“…it has been shown by survey after survey that the majority of people come to faith today over a period of time. It is not so much a crisis as a process. ”
“…it is abundantly plain that the vast majority of people who come to faith are more influenced by friends or family members than by any other single factor. Church, the Bible, preaching and visitation are low on the list of attractors: by far the highest is the friendship of a committed, warm, unembarrassed Christian.”
“most people are brought to faith through the loving persistence and friendship of someone close to them.”
“Personal evangelism is the best sort of evangelism. I recall Billy Graham saying just that years ago. … [BG quote] ‘Mass evangelism is not the best way of evangelism, but it seems to be the way that God has entrusted to me, and I must be faithful to it. The best way of evangelism is when there are two people talking together and one leads the other to Christ.'”
MG discusses 3 myths about secular culture:
1. Secular ppl are not as irreligious as you might think.
2. “They are not immoral but are persuaded that one does not need God in order to live a moral life.”
3. “It would be a mistake to be afraid of their sneers as if they had read the Bible and Christian literature from Augustine to Luther.”
“It is well to remember that most people even in universities, students and lecturers alike are profoundly ignorant of Christian teaching.”
MG describes some ways in which secular people are not understood:
~ Secs are not preoccupied w/ life after death… they are more concerned with living this life well. So MG talks about how conversations with Secs may have as a better starting point, John 10:10, (where Jesus talks about having abundant life), than say something related to death.
~ Secs struggle more with doubt than with sin and guilt.
~ Secs also struggle with alienation.
~ Secs, surprisingly struggle with low self-esteem in spite of being successful.
~ Hopelessness and meaninglessness also plague them.
“Many churches have never looked at the demographics of their area, so they do not know what the needs are. Consequently they cannot gauge their activities toward trying to meet those needs.”
“When churches are vibrating with life, they do not have a lot of midweek activities. Members are expected to use their leisure time to make friends and build relationships… But when churches have lost that zeal, all manner of midweek activities emerge.”
“But opportunities will surely come if we are ready to take them.”
MG talks about bridge building, that is relationship building.
“… pause to think of the people whose lives intersect with yours. The mail carrier, the cashier, the server, the neighbors down the street … An opportunity may well open up for you to say something to them. And it can happen in the most unexpected way. At the school gate. In the laundromat…”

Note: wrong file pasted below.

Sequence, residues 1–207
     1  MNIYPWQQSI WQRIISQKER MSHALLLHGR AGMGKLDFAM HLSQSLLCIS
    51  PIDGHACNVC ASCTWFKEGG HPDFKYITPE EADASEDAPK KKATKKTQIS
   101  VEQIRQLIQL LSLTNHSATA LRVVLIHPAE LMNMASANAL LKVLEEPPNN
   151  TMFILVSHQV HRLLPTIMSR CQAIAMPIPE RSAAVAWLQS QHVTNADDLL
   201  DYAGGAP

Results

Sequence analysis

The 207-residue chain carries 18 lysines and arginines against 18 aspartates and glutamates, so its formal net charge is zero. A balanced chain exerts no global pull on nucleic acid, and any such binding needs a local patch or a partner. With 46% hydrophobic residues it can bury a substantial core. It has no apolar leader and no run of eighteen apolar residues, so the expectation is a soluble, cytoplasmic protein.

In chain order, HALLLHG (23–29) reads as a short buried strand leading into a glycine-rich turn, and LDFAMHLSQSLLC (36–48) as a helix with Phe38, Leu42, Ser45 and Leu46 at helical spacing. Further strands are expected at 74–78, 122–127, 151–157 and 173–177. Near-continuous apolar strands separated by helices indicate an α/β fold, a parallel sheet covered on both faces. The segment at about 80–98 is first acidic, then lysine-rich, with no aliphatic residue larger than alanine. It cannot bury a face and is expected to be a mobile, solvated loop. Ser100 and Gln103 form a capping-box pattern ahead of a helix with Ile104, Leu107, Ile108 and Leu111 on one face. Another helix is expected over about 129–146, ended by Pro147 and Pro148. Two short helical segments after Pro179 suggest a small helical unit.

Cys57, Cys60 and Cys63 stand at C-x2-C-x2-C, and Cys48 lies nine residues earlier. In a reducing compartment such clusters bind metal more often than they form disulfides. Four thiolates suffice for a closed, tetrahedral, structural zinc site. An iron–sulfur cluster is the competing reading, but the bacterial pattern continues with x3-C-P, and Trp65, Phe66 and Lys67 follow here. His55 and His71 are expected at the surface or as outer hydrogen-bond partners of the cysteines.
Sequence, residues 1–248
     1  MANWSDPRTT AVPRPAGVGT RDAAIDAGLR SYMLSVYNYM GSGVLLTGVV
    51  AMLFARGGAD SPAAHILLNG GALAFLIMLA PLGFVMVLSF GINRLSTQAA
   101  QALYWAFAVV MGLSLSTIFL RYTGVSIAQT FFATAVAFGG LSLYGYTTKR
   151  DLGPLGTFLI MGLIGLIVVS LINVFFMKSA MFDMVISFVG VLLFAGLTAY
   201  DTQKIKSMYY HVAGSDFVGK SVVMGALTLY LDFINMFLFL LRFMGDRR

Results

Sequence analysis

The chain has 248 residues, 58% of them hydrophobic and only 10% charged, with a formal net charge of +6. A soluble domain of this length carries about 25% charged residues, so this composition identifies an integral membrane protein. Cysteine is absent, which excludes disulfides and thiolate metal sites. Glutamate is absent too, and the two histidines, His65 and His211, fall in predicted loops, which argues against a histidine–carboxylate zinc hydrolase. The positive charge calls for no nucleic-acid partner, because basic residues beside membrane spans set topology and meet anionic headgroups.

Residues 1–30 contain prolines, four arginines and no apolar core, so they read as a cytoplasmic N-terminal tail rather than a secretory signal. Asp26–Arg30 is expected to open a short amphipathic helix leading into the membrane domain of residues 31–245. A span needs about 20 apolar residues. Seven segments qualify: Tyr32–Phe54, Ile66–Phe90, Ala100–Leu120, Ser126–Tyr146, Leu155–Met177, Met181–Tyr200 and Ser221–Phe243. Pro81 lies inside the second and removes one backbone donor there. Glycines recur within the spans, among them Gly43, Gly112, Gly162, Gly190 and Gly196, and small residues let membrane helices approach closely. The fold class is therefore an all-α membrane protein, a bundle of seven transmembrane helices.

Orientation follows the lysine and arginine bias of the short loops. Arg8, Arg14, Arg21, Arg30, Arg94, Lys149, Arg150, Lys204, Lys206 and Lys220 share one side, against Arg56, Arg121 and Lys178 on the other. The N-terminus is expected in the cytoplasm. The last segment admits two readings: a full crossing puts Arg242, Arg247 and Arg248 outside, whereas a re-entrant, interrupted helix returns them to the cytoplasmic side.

After giving an interesting story about a friend of his that shared the faith in a surprising way, MG states
“You never know what opportunities may come your way if you are willing for the Lord to use you as His ambassador. That makes each day an adventure!”
How the times have changed . . . MG describes how the mindset of people (in the West) has changed over the years.
(1) In the 1950s, truth was deemed to be knowable and thus intellectual questions regarding faith matters could be raised, discussed and answered. So for example, if questions regarding Jesus’ resurrection or His deity were adequately answered, then it would not have been unusual to see a commitment follow.
(2) As time went on, relevancy became more important. That is suppose you picked up some apologetical text and made some sort of argument for the historicity of the resurrection, the response of someone could be “So? So what does that have to do with me.” A person could accept that Jesus was God in the flesh, but still not accept Him as Lord and Savior because they in their minds, this fact made no difference in how they lived their lives.
(3) Today, the above are true to some degree, but feelings have become more the greater concern of people. “How will believing in Jesus make me feel?” “How did you feel when you accepted Christ?”
~ The questions basically have shifted from “Is it true?” to “Does it work?” to “Does it feel good?”
MG in so many words says that the issue of feelings should not be ignored when we share the Gospel. One reason why is because if a person feels good about the Gospel that we present to them, then they will want to know if it works and if it is true.
~ I think that a good way to bring about feelings is when we share our testimony. We could talk of how we felt when we accepted Jesus…
MG then points out to some examples of the kind of things that are proving to be very successful: “Thomas Mass” in Finland, New Wine and Soul Survior in England, Alpha in various places, retreats in monasteries. etc. All of these make room for both feelings and the intellect.